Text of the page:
L’Autre Pied – London

On July 25, 2012 by Paris_Stilton

“Oh mon dieu ull we will eet is pooding…” moaned Brad Pitta, my Moroccan-French beau, on hearing that we were heading to London for a weekend to visit my mum and sister.  The  “everysing-eez-better-in-France” diatribe is one I have endured relentlessly over the last 3 months in Paris.  When it comes to cooking, pastry, wine, culture, and anything else for that matter, the French are fiercely, and at times tiresomely, patriotic. Needless to say, Brad Pitta gloated no-end when sister Sienna Millet informed us that we were booked into the much-acclaimed French restaurant L’Autre Pied for our first night in town.

L’Autre Pied, the cleverly named offshoot of David Moore and Shan Osborne’s two Michelin star Pied à Terre, opened its doors in 2007 with a team headed by the talented Marcus Eaves, who has since passed the baton on to the equally capable young chef Andy McFadden.

The restaurant is certainly more relaxed than its sibling, with its informal, convivial atmosphere, friendly service and flower and fruit printed olive green walls, but the fare is anything but casual.

The sparse deconstructivist menu laden with bizarre ingredients (Larousse Gastronomique reference book required) that makes you feel like you are reciting a foodie’s shopping list, and the little puffs of ‘flavoured’ foam that found their way onto every plate struck me as all a bit 2004.  However, that aside, the marriage of flavours, textures and colours that McFadden produced in each dish was impeccable. And lets face it, that is what really counts, n’est-ce pas?

Our bouches were certainly amused by the fluffy, creamy, roasted-seed and black quinoa topped cucumber mousse that accompanied our aperitif – just the thing to cool the palate and whet the appetite.

The entrée pick of the night went to me with my divine hand rolled garganelli. The perfectly al dente pasta encasing a delicate shredded crab which moseyed amongst sweet crisp broad beans and warm crunchy almonds was over all too quickly.

Brad Pitta went for the two-way mackerel. A crispy char-grilled fillet and its butter soft tartare partner atop a bed of multi-coloured sweet heritage tomatoes and sorrel. Certainly no complaints there.

A menu mix-up meant that Yummy Mummy and The Eton Mess were served foie gras instead of their scottish scallop ceviche, but the apologies were profuse, the two dishes of roasted foie gras were added compliments of the chef and the deliciously fresh scallop ceviche appeared shortly thereafter paired with fluffy black quinoa, tiny dollops of creme fraiche, crispy succulent radishes and a hint of fresh dill.

Before Yummy Mummy could finish saying “We honestly don’t need to keep the foie gras” Brad Pitta and The Eton Mess had all but devoured the two plates of the sweet roasted delicacy which was accompanied by glazed endive, toasted grains, tea marinated prunes and nutmeg.

For mains Sienna Millet, Yummy Mummy and I ordered the English grass fed spring lamb, served with glazed aubergine, raz el hanout and manzanilla.  The ingredients were dotted around the plate like awkward teenagers at a gathering, but nonetheless this was a party I most enjoyed attending. The herb crusted lamb was succulent, tender and perfectly pink.  The crunchy roll next door, which The Eton Mess described as “the most epic gourmet lamb sausage roll ever” was a strangely perfect accompaniment to the morsel of what tasted like sticky sweet and sour chinese BBQ lamb and the delicately glazed aubergines hanging out around the edge with little green olives created an amazingly orchestrated explosion of the senses.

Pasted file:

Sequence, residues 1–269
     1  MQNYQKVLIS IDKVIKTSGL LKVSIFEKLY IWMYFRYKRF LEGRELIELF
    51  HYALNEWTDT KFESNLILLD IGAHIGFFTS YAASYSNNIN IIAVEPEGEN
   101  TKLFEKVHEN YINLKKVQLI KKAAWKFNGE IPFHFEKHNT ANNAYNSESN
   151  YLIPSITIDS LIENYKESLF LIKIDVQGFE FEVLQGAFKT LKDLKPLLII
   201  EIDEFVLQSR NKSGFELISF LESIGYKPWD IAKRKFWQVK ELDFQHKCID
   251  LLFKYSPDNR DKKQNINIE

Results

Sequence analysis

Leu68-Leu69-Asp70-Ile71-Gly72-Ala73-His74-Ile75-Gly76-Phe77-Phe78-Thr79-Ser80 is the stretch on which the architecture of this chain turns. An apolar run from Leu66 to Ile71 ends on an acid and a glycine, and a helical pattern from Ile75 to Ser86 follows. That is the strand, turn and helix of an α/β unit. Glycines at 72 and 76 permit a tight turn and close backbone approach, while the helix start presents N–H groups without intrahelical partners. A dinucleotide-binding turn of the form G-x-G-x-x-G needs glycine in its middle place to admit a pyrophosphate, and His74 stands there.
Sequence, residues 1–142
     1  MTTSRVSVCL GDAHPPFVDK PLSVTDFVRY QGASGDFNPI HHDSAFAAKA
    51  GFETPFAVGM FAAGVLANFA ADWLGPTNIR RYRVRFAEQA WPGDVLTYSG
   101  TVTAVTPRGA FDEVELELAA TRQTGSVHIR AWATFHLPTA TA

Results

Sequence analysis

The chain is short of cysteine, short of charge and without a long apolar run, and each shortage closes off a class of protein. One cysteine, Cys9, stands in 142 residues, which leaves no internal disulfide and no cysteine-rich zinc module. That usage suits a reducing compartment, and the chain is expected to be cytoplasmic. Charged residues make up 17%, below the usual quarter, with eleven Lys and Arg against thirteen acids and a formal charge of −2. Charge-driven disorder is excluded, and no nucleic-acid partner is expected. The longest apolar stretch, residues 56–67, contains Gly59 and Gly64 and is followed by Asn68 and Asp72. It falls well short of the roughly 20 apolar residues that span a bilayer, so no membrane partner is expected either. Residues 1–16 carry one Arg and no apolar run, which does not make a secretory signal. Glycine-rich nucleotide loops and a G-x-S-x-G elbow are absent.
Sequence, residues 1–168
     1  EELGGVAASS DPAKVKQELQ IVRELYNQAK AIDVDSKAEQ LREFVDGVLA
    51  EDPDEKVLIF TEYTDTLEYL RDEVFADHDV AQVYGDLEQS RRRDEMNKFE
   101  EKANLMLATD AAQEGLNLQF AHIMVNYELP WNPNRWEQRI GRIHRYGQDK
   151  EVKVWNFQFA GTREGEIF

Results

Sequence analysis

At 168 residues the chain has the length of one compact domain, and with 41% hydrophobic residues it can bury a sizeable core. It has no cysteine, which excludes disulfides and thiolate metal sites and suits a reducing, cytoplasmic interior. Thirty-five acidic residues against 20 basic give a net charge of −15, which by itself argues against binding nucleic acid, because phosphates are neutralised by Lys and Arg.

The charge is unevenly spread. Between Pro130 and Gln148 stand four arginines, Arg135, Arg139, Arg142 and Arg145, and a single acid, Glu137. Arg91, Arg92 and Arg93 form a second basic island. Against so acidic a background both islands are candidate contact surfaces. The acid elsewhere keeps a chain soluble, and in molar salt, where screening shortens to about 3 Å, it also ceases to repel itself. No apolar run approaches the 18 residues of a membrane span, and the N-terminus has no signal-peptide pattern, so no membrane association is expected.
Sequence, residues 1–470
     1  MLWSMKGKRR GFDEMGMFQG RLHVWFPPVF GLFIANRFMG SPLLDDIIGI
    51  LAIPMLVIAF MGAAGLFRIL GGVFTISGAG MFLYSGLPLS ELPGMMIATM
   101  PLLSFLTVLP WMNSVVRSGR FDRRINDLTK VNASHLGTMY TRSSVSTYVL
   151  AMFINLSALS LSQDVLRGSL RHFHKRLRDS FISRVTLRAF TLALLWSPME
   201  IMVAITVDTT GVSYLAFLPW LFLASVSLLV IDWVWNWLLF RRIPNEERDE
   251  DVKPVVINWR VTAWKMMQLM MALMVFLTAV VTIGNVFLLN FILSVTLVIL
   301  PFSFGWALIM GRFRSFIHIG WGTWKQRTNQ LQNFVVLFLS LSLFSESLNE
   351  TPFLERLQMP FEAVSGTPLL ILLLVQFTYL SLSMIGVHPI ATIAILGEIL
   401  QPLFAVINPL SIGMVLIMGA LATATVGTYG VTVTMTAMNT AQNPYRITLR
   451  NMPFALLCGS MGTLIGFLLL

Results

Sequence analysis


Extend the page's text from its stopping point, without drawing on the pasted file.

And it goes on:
Always one for a bit of game, The Eton Mess went for the loin of roe deer cooked in cocoa and served with black rice, crapaudine beetroot, tapioca and smoked bacon. The presentation was a tad scary, indeed it appeared as though the poor old roe deer had in fact been hit by a car on the plate, but the taste was, unsurprisingly, magical.

Brad Pitta’s poached megrim sole was delicately and deliciously executed with a light champagne and oyster veloute that was mopped clean with a scrumptious little homemade brioche.

The pave of devilishly decadent valrhona caramelia chocolate that followed with its posse of honeycomb, pistachio and tonka bean ice-cream was unfairly divine.

But the baked vanilla cheesecake topped with sweet, caramelised banana and served with mandarin sorbet, and blueberries was the real winner.  You know a good dessert when you hesitate ordering it as you are too full to justify eating any more, and then find yourself desperately scraping the film of cream cheese off the plate as the waiter is trying to take it away. This was the story with the light, tangy, caramelised, crunchy, buttery cheesecake that ended our daringly imaginative, yet undeniably scrumptious dinner at L’Autre Pied.


Paris Stilton


L’Autre Pied

5-7 Blandford Street
W1U 3DB London
+44 (0)20 7486 9696
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